All for Life

Coffee Nap

Coffee Naps by Dr Ridwana Timol

A nap in general, is a short, planned period of sleep, outside of our regular night-time sleep schedule, aimed at helping us recuperate from the demands of the working day and re-energise. The aim of a nap is to give us a boost when our energy dips so that we can become more alert and focused. People drink coffee for the same reason. In fact, recently a new concept called Coffee Nap has evolved whereby sleep researchers have found benefits to drinking coffee just before taking a nap. Typically, coffee is a stimulant which remains active and affects our brains for up to 7 hours after it is consumed. Its general effect is contrary to rest – coffee taken at night disrupts deep stages of sleep and prevents us from achieving recuperative sleep even if it does not stop some of us from falling asleep. We can often observe this very subtle but important lightening and disturbance of sleep when we observe people’s sleep objectively using polysomnography (or sleep EEG: gives us information on brain activity, just like ECG gives us information on cardiac activity) in a sleep laboratory.


However, the effect of coffee on the brain is not that straight-forward! There are typically 3 stages to the effect of coffee on how we feel: At first, coffee makes us feel drowsy and relaxed: that’s the best time for a power nap! After a certain period, it starts making us alert and focused: that’s when we can get a lot of work or exercise done faster, if taken in reasonable amounts. Lastly, it lingers in our system preventing rest but without any effect on our productivity: this is when we sometimes feel restless and aimlessly agitated.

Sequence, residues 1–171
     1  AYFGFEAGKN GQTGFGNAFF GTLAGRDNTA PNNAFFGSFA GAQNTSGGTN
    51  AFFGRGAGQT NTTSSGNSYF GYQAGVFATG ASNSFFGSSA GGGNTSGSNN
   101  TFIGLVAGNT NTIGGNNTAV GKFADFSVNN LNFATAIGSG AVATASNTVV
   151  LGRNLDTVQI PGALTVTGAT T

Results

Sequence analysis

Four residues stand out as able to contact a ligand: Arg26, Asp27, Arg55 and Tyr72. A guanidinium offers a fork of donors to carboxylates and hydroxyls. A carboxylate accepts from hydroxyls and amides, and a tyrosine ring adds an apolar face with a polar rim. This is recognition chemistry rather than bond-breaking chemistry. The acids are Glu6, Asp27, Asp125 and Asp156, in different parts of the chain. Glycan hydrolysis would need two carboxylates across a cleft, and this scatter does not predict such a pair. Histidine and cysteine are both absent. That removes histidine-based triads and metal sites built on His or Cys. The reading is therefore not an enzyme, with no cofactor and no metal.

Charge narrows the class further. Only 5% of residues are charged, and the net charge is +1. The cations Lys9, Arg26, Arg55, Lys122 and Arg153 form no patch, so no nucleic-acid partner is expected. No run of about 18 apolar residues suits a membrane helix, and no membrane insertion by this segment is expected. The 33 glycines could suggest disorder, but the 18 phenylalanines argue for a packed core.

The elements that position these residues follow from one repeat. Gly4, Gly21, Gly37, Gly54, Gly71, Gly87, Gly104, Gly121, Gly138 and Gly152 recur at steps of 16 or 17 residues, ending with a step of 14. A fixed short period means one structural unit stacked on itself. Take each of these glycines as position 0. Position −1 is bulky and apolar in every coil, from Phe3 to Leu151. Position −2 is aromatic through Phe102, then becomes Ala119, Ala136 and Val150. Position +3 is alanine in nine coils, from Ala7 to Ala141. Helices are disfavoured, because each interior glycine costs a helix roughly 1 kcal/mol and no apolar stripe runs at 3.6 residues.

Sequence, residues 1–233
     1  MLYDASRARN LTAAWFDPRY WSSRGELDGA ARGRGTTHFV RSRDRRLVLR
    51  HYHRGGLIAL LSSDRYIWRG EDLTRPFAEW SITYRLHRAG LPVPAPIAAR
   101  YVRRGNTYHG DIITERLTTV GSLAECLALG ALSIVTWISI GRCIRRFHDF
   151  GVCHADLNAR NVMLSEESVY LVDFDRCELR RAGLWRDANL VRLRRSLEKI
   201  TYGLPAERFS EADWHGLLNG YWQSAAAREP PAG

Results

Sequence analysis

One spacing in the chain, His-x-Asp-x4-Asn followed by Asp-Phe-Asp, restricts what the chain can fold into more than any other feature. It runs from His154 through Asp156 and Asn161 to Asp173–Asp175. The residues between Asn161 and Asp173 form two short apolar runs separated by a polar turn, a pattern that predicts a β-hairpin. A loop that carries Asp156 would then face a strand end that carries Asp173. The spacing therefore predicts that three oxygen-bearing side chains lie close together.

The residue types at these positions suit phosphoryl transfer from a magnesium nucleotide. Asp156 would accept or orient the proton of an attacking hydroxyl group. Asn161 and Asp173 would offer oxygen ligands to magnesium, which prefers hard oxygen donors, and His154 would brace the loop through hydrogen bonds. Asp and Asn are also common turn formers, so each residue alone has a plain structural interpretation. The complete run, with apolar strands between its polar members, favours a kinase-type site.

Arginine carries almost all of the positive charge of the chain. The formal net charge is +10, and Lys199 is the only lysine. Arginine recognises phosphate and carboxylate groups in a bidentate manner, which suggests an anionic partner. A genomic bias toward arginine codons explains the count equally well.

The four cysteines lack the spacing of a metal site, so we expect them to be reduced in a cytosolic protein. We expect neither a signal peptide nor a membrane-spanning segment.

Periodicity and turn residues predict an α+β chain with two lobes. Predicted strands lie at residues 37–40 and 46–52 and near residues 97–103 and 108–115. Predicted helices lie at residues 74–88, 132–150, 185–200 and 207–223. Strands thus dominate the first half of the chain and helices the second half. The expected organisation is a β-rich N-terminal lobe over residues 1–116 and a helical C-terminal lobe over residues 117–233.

During that first stage, if someone takes a nap straight after drinking coffee, the coffee molecules bind to adenosine receptors in our brain and promote rest, a type of rest superior to if you napped without the caffeine in your system. This is called a Coffee Nap. A Coffee Nap is a power nap that helps improve our performance and alertness better than a normal nap or resting without sleep. How to take a Coffee Nap? Drink a small amount of black coffee, without sugar, and have a nap within five minutes of drinking your coffee. Set your alarm for 30 minutes from the time you lie down. If you manage to fall asleep, chances are your coffee and your brain cells will get busy to concoct a rejuvenating recipe for you! Outside of that window however, the effect is lost. The best strategy for rest is to know yourself: if you know that you take time to fall asleep or get anxious and agitated when trying something new, the Coffee Nap is not for you. Traditional naps, not exceeding 30 minutes, are ideal for giving you that midday boost you often need. Longer naps (e.g. 2 hours) tend to disrupt night-time sleep and are counter-productive, especially if you are a light sleeper or are currently suffering from insomnia. Day-time sleep can have health benefits if done properly, however, it is a very poor substitute for night-time sleep. Nothing beats the health benefits of sound, uninterrupted night-time sleep (for adults usually more than 5 hours, ideally 7-8 hours, and preferably before midnight).

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